The Enquirer’s claim that Castro was responsible for the JFK assassination is not new. The first public allegation that Castro was behind the assassination occurred the day after the assassination, when an anti-Castro student exile group here in the United States that was secretly funded and run by the CIA published a special edition of its English language newspaper Trinchera (“Trench”) suggesting that Lee Harvey Oswald had killed the President on behalf of Fidel Castro and featuring large side-by-side photos of Castro and Oswald jointly captioned “The Presumed Assassins.”

Trinchera’s assertions were not fact-based; they were part of the CIA’s clandestine anti-Castro campaign to, among other things, smear Castro by propagating derogatory disinformation about him. The base falseness of the allegation and its convenient timing are sure indications that the CIA was attempting to make Castro the false sponsor of the assassination. (In intelligence lingo, a false sponsor is a person who will be publicly blamed for a covert operation after it takes place, thereby diverting attention away from the individuals who actually carried out the operation.) Thus, the theory that Castro was behind the assassination originated in disinformation disseminated by a CIA front group within 24 hours of the President’s murder.

The theory that Fidel Castro is to be blamed for the JFK assassination usually takes one of two forms: the Castro-did-it theory (under which Castro hired and sent the assassins to Dallas) and the Castro-knew-about-it theory (under which Castro did not order the assassination but did know about it in advance and failed to warn JFK).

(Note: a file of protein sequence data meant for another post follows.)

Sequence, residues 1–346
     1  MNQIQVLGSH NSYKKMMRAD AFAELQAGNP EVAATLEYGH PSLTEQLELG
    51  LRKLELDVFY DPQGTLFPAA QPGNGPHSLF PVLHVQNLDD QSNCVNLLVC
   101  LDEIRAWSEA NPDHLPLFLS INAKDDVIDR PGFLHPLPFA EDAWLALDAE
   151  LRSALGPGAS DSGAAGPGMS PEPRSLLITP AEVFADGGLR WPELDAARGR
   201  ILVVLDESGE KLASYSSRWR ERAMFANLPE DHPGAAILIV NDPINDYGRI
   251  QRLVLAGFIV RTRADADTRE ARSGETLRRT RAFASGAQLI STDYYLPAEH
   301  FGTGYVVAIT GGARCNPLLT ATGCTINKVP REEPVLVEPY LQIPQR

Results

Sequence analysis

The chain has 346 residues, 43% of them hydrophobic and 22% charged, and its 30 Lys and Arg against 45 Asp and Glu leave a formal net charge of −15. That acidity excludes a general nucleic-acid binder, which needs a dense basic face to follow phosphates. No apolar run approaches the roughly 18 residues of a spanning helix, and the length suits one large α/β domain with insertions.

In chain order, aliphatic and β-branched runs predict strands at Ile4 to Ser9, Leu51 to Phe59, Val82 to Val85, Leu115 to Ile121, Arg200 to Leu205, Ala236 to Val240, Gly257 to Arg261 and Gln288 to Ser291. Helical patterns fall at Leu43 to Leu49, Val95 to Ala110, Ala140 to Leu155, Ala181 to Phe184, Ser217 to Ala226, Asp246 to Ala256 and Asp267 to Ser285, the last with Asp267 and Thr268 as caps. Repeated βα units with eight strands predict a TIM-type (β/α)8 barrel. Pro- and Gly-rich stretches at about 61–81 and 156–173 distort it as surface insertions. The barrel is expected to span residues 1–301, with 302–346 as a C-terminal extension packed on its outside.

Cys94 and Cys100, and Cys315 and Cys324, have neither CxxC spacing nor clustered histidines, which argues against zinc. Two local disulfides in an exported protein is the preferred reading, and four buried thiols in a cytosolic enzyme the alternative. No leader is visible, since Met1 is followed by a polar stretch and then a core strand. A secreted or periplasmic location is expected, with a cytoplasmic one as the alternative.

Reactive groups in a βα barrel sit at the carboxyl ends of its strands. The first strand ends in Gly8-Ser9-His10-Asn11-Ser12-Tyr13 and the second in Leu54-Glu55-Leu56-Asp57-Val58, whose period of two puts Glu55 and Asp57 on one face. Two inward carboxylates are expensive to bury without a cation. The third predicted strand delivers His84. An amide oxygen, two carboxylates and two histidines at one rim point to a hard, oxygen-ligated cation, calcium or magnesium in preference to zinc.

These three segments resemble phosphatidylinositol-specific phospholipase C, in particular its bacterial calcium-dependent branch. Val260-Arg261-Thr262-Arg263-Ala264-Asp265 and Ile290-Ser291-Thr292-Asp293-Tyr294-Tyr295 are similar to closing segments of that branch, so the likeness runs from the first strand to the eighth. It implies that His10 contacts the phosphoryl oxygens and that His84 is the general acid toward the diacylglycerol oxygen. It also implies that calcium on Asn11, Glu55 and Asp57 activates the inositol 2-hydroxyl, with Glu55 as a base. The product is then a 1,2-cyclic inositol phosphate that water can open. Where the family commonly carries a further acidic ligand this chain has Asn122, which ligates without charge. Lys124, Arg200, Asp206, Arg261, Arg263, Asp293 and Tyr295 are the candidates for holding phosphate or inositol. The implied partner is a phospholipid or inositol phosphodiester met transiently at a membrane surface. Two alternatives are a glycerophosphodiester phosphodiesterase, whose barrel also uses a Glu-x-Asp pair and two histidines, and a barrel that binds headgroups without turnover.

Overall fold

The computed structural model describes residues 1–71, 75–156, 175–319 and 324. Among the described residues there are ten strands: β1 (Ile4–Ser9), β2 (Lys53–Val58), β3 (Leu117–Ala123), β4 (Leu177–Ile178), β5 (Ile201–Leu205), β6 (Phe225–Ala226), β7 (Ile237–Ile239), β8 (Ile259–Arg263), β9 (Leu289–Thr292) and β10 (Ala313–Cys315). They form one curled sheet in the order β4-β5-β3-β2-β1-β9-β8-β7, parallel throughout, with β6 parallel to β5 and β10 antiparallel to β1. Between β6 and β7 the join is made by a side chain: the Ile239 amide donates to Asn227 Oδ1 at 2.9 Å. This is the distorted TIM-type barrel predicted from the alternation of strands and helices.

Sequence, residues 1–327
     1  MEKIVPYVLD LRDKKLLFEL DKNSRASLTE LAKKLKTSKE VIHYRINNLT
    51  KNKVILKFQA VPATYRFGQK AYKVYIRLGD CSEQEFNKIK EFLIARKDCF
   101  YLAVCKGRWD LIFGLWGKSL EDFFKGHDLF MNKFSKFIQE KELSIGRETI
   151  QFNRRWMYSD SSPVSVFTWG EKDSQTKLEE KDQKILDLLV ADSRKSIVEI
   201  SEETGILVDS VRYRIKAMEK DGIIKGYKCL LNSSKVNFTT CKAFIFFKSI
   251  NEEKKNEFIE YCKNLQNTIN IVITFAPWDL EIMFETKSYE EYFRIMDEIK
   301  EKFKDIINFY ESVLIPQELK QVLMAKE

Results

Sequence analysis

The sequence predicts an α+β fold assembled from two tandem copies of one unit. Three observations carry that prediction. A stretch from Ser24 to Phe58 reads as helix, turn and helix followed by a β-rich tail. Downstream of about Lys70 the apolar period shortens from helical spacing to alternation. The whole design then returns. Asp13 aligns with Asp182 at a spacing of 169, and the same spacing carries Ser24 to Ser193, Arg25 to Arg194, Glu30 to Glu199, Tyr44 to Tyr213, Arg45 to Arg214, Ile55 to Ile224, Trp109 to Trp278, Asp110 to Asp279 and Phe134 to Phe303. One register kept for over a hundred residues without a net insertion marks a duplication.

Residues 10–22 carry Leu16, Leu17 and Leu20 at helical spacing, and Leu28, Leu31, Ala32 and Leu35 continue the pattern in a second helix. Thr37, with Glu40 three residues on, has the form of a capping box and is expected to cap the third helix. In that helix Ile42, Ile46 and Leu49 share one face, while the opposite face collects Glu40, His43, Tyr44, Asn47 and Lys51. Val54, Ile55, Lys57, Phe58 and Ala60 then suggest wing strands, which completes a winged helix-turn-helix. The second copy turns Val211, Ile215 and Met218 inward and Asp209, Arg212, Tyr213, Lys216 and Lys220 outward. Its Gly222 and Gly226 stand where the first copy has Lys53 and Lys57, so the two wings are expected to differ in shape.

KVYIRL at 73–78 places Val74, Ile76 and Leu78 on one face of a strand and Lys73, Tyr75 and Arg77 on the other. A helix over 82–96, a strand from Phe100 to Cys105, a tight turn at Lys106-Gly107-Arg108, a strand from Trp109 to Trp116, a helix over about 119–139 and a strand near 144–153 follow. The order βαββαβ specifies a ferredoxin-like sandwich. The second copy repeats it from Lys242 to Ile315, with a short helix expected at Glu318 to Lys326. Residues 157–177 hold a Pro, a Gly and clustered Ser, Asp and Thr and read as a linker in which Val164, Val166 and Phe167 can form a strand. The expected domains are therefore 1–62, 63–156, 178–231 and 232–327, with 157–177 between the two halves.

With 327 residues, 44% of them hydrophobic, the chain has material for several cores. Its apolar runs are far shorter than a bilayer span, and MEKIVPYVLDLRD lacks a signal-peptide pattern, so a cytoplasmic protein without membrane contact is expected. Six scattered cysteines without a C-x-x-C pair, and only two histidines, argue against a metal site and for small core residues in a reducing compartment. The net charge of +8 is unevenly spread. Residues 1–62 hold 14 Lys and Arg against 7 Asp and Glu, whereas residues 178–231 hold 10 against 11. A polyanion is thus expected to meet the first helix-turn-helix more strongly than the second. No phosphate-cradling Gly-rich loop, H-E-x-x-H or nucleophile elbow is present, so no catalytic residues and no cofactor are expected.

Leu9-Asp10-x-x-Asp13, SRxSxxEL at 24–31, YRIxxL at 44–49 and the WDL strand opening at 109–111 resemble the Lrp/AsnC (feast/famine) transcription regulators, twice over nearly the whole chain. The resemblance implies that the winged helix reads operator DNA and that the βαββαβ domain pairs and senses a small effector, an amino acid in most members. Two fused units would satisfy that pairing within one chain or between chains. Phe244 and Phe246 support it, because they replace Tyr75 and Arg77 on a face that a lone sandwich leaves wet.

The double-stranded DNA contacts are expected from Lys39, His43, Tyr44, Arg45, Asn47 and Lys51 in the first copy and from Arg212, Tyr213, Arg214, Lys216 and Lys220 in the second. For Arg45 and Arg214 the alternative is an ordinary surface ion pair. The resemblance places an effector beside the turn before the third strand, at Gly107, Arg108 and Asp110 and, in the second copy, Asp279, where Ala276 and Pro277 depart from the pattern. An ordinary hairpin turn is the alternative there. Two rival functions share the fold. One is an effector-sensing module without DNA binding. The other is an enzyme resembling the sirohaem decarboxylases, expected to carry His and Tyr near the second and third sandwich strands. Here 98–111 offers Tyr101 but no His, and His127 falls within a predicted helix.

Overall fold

The Castro-was-responsible-for-the-assassination notion has been one of the major JFK assassination theories since at least the 1970s, when the CIA assassination plots against Castro (some of which were CIA-Mafia plots) became public knowledge and certain researchers began suggesting that the assassination might have been a “blowback” from those plots.

In recent years, many of the assassination researchers who blame Castro have backed away from the Castro-did-it theory and instead embraced the Castro-knew-about-it theory. They freely admit that Castro did not arrange the assassination but insist that Castro knew in advance that JFK would be murdered and could have warned him, but deliberately did not.

Two well-argued but ultimately unpersuasive books backing the theory that Castro knew in advance are Castro’s Secrets (2012), by Brian Latell, a retired CIA analyst, and journalist Philip Shenon’s A Cruel and Shocking Act (2013). Shenon’s book extends the theory by claiming that in October 1963, at a twist party in Mexico City (yes, a twist party!), agents of Castro, perhaps without his knowledge, encouraged Oswald to kill JFK.